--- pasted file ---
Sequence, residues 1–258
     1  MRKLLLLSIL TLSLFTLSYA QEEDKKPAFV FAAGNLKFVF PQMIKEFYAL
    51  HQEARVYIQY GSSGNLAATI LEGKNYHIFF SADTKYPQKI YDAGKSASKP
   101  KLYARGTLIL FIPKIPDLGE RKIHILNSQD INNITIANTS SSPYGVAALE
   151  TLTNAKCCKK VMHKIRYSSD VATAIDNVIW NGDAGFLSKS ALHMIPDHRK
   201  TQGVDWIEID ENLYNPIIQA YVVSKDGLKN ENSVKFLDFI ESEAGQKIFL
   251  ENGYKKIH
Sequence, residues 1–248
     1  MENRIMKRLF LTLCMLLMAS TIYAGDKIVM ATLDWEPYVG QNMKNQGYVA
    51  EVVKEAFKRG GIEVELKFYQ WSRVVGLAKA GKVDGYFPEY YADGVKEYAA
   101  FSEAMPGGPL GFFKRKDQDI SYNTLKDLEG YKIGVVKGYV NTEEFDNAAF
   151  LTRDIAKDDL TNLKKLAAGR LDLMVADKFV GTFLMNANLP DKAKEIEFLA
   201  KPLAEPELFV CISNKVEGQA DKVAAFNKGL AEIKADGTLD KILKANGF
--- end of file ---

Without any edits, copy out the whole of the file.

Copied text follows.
Sequence, residues 1–258
     1  MRKLLLLSIL TLSLFTLSYA QEEDKKPAFV FAAGNLKFVF PQMIKEFYAL
    51  HQEARVYIQY GSSGNLAATI LEGKNYHIFF SADTKYPQKI YDAGKSASKP
   101  KLYARGTLIL FIPKIPDLGE RKIHILNSQD INNITIANTS SSPYGVAALE
   151  TLTNAKCCKK VMHKIRYSSD VATAIDNVIW NGDAGFLSKS ALHMIPDHRK
   201  TQGVDWIEID ENLYNPIIQA YVVSKDGLKN ENSVKFLDFI ESEAGQKIFL
   251  ENGYKKIH
Sequence, residues 1–248
     1  MENRIMKRLF LTLCMLLMAS TIYAGDKIVM ATLDWEPYVG QNMKNQGYVA
    51  EVVKEAFKRG GIEVELKFYQ WSRVVGLAKA GKVDGYFPEY YADGVKEYAA
   101  FSEAMPGGPL GFFKRKDQDI SYNTLKDLEG YKIGVVKGYV NTEEFDNAAF
   151  LTRDIAKDDL TNLKKLAAGR LDLMVADKFV GTFLMNANLP DKAKEIEFLA
   201  KPLAEPELFV CISNKVEGQA DKVAAFNKGL AEIKADGTLD KILKANGF